Blood, guts and swearing robots
Cultural discussion programme. Andrew Marr discusses gangrene, pain and swearing with Lindsey Fitzharris, Lesley Colvin, Beth Singler and Emma Byrne.
Victorian hospitals were known as 'houses of death' and their surgeons, who never washed their hands, were praised for their brute strength and speed. Lindsey Fitzharris tells Andrew Marr about the pioneering British surgeon Joseph Lister who transformed his profession. Anaesthesia was discovered in the 1840s but Professor Lesley Colvin says we're still learning about the complex relationship between the brain and the perception of pain, as well as understanding the potential harm of the increased use of strong opiates. Pain is common to all humans, but could - and should - robots feel pain? This is the question Dr Beth Singler poses in a new film exploring the limits of Artificial Intelligence. And if they are programmed to feel pain, should they also be taught to swear? Dr Emma Byrne looks at the science of bad language and why it can also be harnessed to reduce pain.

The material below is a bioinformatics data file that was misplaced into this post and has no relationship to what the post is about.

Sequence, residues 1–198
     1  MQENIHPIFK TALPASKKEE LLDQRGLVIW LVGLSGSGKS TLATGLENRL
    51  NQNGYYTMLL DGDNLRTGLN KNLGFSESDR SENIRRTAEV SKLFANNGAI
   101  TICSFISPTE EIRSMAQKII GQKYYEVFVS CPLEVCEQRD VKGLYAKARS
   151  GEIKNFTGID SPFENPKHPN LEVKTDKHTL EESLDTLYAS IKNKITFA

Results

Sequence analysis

Producer: Katy Hickman.
The Butchering Art: Joseph Lister’s Quest to Transform the Grisly World of Victorian Medicine is published by Scientific American
She has co-produced and contributed to a Cambridge University short film called “Pain in the Machine” which won Best Research Film of the Year at the Arts and Humanities Research in Film Awards 2017.
Swearing Is Good for You: The Amazing Science of Bad Language is published by Profile Books.
|Interviewed Guest||Lindsey Fitzharris|
|Interviewed Guest||Lesley Colvin|
|Interviewed Guest||Beth Singler|
|Interviewed Guest||Emma Byrne|